The Origins of Christianity Tour: Part 3

Gamla
Read time: 22 minutes

Our travel in Israel took place in October; just past the peak of summer, so that we would be spared the highest of the temperatures (and it still got plenty hot). Israel, like the Cape Town area, gets its rain in winter, as so we were right at the very end of the dry season. And, like Cape Town, Israel is a water scarce region. But, driving north, the landscape changed. We were not in the desert of the area around Masada, Qumran and the Dead Sea; neither did our surroundings look like the dry, but habitable, Jerusalem. No; despite not having tasted rain in months, what we saw outside the windows of our bus were green trees and lush shrubbery. It was not a succulent jungle, to be sure, but here was life and abundance. We were in what the gospels refer to as the land of Galilee. Read more about The Origins of Christianity Tour: Part 3

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The Origins of Christianity Tour: Part 2

Dr John Dickson at Wadi Qelt
Read time: 22 minutes

In this post, I begin my summary of the Origins of Christianity tour. It will cover my first three days in Israel and two days of the tour, which was focussed on Jerusalem and the area of ancient Judah. Read more about The Origins of Christianity Tour: Part 2

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The Origins of Christianity Tour: Part 1

Jerusalem at sunrise
Read time: 12 minutes

In October I was privileged to join the Origins of Christianity tour to Israel, led by Dr. John Dickson. This was something which I had been looking forward to and planned for a long time, and it really was an awesome experience! I have already done one presentation of the tour for TGIF Stellenbosch; here I want to document my experiences so that I can share it with more people.

This article will be a general discussion about the tour and my experience of it; after it there will be three more articles which recount the tour on a day-by-day basis. Read more about The Origins of Christianity Tour: Part 1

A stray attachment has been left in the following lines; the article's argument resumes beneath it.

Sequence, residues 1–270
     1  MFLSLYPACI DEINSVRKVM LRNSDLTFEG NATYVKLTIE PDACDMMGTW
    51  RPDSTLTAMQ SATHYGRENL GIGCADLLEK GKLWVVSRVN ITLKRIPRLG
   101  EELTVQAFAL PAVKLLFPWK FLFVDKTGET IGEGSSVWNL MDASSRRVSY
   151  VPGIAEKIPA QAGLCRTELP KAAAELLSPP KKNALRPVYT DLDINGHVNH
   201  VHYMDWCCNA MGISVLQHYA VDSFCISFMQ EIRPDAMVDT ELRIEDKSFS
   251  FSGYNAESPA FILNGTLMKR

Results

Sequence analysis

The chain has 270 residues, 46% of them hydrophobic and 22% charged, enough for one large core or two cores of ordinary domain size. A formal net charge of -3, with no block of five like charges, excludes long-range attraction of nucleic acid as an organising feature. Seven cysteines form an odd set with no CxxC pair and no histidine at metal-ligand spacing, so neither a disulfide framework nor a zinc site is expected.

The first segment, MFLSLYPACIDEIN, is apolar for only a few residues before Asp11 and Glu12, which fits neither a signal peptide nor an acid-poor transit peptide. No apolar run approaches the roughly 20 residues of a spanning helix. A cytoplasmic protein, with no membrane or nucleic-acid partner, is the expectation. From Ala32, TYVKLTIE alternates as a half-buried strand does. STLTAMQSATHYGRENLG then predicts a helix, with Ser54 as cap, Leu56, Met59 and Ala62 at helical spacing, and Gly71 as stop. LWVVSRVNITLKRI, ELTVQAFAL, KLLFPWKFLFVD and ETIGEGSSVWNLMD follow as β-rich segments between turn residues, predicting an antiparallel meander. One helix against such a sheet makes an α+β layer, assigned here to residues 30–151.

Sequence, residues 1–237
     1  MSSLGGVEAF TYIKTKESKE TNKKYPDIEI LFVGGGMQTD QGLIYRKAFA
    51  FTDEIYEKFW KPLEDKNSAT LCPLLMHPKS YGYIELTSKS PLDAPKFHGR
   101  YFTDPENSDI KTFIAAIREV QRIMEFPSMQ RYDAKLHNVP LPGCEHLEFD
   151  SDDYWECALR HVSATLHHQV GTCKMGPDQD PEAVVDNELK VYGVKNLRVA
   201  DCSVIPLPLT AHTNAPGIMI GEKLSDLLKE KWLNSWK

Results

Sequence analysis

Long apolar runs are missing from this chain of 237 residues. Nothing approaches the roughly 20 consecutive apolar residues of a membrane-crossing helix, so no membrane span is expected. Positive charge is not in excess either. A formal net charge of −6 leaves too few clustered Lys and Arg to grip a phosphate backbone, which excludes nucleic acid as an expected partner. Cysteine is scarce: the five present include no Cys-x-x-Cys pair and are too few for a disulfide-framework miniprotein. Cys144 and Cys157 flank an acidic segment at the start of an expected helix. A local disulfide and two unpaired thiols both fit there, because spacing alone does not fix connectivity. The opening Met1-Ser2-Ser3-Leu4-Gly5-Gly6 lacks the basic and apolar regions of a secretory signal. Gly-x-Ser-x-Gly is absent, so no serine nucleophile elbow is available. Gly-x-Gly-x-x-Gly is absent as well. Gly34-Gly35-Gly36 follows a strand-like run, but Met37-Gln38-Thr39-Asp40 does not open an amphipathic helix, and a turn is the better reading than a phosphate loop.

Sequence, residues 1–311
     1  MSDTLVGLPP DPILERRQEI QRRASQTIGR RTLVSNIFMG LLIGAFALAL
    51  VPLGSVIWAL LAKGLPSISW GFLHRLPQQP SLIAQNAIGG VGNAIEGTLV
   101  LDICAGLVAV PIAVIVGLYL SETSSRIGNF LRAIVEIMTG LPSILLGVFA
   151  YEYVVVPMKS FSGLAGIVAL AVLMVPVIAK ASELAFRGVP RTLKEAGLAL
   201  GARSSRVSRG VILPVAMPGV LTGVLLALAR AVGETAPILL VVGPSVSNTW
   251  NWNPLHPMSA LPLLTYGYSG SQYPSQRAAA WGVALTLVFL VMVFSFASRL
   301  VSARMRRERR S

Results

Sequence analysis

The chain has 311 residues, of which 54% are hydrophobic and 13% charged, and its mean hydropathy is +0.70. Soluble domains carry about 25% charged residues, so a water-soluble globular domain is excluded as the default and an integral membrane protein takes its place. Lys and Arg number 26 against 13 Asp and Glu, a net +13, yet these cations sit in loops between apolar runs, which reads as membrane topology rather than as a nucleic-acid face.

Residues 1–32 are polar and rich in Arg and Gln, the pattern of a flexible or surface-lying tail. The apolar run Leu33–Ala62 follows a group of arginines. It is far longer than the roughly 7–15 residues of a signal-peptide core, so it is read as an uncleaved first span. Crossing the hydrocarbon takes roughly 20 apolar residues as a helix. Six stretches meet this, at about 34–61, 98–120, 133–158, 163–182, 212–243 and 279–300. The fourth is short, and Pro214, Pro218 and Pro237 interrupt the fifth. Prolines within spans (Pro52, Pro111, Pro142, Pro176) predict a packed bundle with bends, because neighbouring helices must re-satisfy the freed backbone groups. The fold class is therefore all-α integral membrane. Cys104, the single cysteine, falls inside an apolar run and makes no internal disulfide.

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When Christians Become Polytheists

Three laughing buddhas
Read time: 7 minutes

Jews and Muslims have for a long time accused Christians of being polytheists. Christians have always denied this. But as an insider to Christianity myself, in this exposé I am going to reveal that Christians may in due time become polytheists and worship idols.

While Christians are often wrongly thought to worship three gods by Jews and Muslims, this polytheist pantheon to which some Christians are drawn is actually legion in its number of deities. It is more akin to the Hindu pantheon, where not all gods are worshipped equally everywhere and some may appear in different forms based on location. I shall be highlighting on a few of the most common gods which can be readily found. Read more about When Christians Become Polytheists

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All the World Is a Stage: Improv and the Christian Worldview

Actors on stage
Read time: 9 minutes

About a year ago I did an introductory improv acting course. I had already been exposed to improv acting through local shows and a work-sponsored social by a local improv company, and it had struck me as something which can be fun to pursue. It certainly was outside of my comfort zone. I was not alone: most—if not all—of my fellow classmates, including professional actresses, had to get use to a very different kind of thinking and expressing ourselves. But our competent teachers eased us into this new experience. What I subsequently learned was that improv acting was both easier and more difficult than I had thought it would be. And at the heart of the difficulty also is a hallmark of the Christian worldview. Read more about All the World Is a Stage: Improv and the Christian Worldview

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Who Do You Say That I Am: The Question of God's Identity

Torah Scroll
Read time: 8 minutes

For thousands of years, philosophers struggled with a particularly abstract, but very important, problem: how can we know what we know? This is called epistemology. Most of us probably don't think about this, but rather take it as obvious or self-evident. But spending a little bit of time on this question quickly reveals its significance. While there were sceptics before him, this kind of thinking led Descartes to a methodological scepticism until he reached a point where he felt that he could not know anything. Descartes resolved this problem for himself with his famous "I think, therefore I am", but even today people struggle with what they know, how they can know, and what they can know. Read more about Who Do You Say That I Am: The Question of God's Identity

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Who Do You Say You Are: A Question of (Self) Identity

Woman in thought
Read time: 9 minutes